Chapter 25 | Minority Languages, Language Planning and Audiovisual Translation | Reglindis De Ridder & Eithne O’Connell
Publication date: 13 September 2018
Hardback ISBN: 9781138859524
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This chapter highlights often underestimated links between the fields of minority language media studies, sociolinguistics and translation studies. In doing so, it seeks to clarify key concepts relating to minority languages, language planning and policy and audiovisual translation (AVT). It is hoped that drawing close attention to the past and current experience of minority languages will raise awareness of issues also of relevance to small, and many major languages, since they too are becoming minoritized in a world dominated by global English (Cronin 2003). The discussion is as wide-ranging as possible, within the inevitable space constraints, and draws on examples from around the world, while also addressing the European situation and the case of minority languages within the European Union. In an effort to avoid crude generalizations about minority languages and AVT, attention is drawn to the part played by such relevant variants as the asymmetry between individual language pairs; the implications of translation direction, i.e. translation into versus translation from a minority language; the relative language planning impact of various AVT modes and technologies and the sociolinguistic needs of specific ML audiences.
Reglindis De Ridder conducted doctoral research at Dublin City University between 2011 and 2015. Her PhD investigates the use of marked Belgian Dutch and marked Netherlandic Dutch lexis in subtitles produced by VRT, the Dutch-language public service broadcaster in Belgium. She is currently pursuing a postdoc at Stockholm University. Her research interests include audiovisual translation, sociolinguistics and corpus linguistics.
Eithne O’Connell was, until her retirement in 2016, Associate Professor in Translation Studies in the Centre for Translation and Textual Studies at Dublin City University. Her research interests include audiovisual translation and minority languages, with particular reference to the Irish language, children’s literature and translation for children.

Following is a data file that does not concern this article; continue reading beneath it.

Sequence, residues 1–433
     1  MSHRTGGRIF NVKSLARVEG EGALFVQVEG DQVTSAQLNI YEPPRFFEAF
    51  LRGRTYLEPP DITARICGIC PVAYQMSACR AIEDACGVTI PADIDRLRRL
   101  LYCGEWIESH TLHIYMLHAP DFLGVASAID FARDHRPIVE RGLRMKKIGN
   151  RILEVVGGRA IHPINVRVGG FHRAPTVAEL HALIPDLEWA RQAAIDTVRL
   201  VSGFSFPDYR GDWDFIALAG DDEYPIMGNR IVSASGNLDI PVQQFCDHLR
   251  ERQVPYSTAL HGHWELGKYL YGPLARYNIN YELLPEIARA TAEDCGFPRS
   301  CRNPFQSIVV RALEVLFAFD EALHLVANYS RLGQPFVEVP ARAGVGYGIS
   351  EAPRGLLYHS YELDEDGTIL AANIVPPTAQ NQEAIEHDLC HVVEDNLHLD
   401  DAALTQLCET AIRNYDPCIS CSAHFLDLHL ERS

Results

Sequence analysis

The Routledge Handbook of Audiovisual Translation Studies provides an authoritative and straightforward overview of the field through thirty-two specially commissioned chapters written by leading scholars in the field.
This state-of-the-art reference work is divided in four sections. The first part focuses on established and emerging audiovisual translation modalities, explores the changing contexts in which they have been and continue to be used, and examine how cultural and technological changes are directing their future trajectories. The second part explores the interface between audiovisual translation and a range of theoretical models that have proved particularly productive in steering research in audiovisual translation studies. Some of these models are associated with disciplines that have long intersected with audiovisual translation, while others are drawn from areas of knowledge that are only now beginning to make their presence felt in the audiovisual translation literature. The third part surveys a range of methodological approaches supporting traditional and innovative ways of interrogating audiovisual translation data. The final part addresses a range of themes pertaining to the place of audiovisual translation in society: these include the institutionalization, academization and technologization of audiovisual translation, as well as its role as a force for social change, both within and outside the industry. This Handbook gives audiovisual translation studies the voice it needs to make its presence felt within the Humanities research landscape.